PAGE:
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Having my husband in hospital has been a revelation

Leftittoolate?

New member
Nov 23, 2021
6
0
Hi I am 68 years old and have been unhappy with my husband (74) for decades. We have essentially lived separately under the same roof . In recent years I have noticed changes in his cognition which have gradually limited my freedom eg we don’t travel, or even go for days out, don’t go out to eat or socialise except with one couple , I can’t stop him buying food we can’t eat only to throw it away, I can’t leave him alone overnight, have had to block calls because of scams, to insist on not replacing the car he wrote off etc etc. I told him I was unhappy and wanted to separate and he just replied “W ell I don’t “ and turned away. He has never accepted there is anything wrong with him or his behaviour towards me ( partly my fault for being such a doormat I suppose). Though he has not got any formal diagnosis, I could see he would not be able to live alone had decided that it was my duty to stay and look after him. But - and it’s a huge but - since he has been in hospital (with a broken leg) I have realised that his absence has brought me such peace and rekindled the simple joy in living, that I am just not willing to give it up. Has anyone any advice on what I can do ?
 

Violet Jane

Registered User
Aug 23, 2021
585
0
There are other people on this forum in your situation ie have been in unhappy marriages and have now found themselves carers of spouses they no longer love or even like. There is a section about this on the main site. Essentially, you have three choices: walk away completely and leave SS and / or other family members to arrange care for your husband (the legalities of separating could be complex); stay but insist on a lot of paid care, voluntary 'sitters' respite care etc; leave but provide some care from a distance of an amount and type which you are happy with.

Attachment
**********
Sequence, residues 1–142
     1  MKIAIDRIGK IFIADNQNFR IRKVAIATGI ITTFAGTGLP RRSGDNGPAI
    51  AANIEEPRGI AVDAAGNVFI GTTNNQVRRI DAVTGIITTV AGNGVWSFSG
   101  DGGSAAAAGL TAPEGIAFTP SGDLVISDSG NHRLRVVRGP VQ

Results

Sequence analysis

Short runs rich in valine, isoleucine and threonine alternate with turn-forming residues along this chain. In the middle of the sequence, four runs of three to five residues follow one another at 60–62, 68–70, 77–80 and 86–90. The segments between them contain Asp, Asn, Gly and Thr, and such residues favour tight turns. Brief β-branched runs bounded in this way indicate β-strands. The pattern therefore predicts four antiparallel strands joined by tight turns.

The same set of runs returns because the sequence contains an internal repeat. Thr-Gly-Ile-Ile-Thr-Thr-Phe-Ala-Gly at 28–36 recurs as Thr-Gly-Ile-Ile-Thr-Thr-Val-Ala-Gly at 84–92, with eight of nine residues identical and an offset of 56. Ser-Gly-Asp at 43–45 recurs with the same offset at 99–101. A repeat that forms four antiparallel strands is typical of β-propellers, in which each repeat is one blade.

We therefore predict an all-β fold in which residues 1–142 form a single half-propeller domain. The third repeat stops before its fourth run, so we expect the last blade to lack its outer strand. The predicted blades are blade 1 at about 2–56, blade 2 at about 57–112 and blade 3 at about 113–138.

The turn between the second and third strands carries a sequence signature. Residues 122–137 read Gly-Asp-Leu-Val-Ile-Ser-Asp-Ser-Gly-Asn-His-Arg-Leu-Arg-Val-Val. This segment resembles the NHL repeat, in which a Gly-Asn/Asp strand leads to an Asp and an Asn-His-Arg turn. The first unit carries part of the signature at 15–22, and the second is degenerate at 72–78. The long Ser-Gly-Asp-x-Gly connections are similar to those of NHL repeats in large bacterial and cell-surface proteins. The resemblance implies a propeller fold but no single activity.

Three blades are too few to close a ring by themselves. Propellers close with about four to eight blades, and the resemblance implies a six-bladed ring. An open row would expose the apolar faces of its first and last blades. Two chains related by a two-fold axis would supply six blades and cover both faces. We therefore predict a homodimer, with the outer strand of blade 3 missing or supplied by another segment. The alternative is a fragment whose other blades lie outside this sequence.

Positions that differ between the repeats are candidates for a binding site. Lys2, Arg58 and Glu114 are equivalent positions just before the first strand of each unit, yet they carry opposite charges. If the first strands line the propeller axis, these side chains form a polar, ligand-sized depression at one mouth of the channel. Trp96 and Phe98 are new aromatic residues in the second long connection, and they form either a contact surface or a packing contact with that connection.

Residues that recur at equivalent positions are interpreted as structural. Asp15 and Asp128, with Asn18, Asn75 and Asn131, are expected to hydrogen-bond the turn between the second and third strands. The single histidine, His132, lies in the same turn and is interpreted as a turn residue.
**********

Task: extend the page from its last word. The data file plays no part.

Whilst your husband is in hospital the ward will probably notice some cognitive problems and ask a SW to assess him. If they don't then you can ask to speak to someone about your husband's cognition. The hospital may talk about patient confidentiality but that doesn't stop you laying out your concerns. Write a list of what your husband struggles with and have it to hand when you speak to anyone about your husband.

As you are living with your husband the default position will be to discharge him home for you to look after. If you don't want that or want to impose some conditions then you will have to state this clearly.
 

Jaded'n'faded

Registered User
Jan 23, 2019
2,421
0
High Peak
You might want to use the words 'carer breakdown'. Insist on an assessment/best interest meeting for him and tell them you have reached carer breakdown and can no longer care for him as it is affecting your physical and mental health.
 

Violet Jane

Registered User
Aug 23, 2021
585
0
If the OP's husband is found to have capacity in relation to his living arrangements then he will be able to refuse to have carers or sitters in / go into respite / move to a care home. It's not clear how bad his cognition is. Lots of people couldn't live on their own unsupported but still have capacity in relation to decisions concerning their living arrangements.
 

northumbrian_k

Volunteer Host
Mar 2, 2017
1,847
0
Newcastle
Hi @Leftittoolate? and welcome to Dementia Talking Point. I don't have any experience of the situation you describe but do recognise the difference that any respite from looking after someone can make. The fact that you have been unhappy for a long time and have already talked about separation strikes me as a key factor that should influence what you do next. Do not let a misplaced sense of 'duty' get in the way of doing what is best for you. You don't have a duty to look after him. That is what Social Services are supposed to do. Looking after someone you want to be with is hard (I know this from experience) and eventually takes over one's life. Doing so for someone you no longer wish to be with is doubly hard and may breed resentment

You have refound joy and a reason for living. Your husband is not part of that. Hard though it will be, perhaps now is the time to take the steps that - I suspect - match what your heart is telling you.
 
Last edited:

Leftittoolate?

New member
Nov 23, 2021
6
0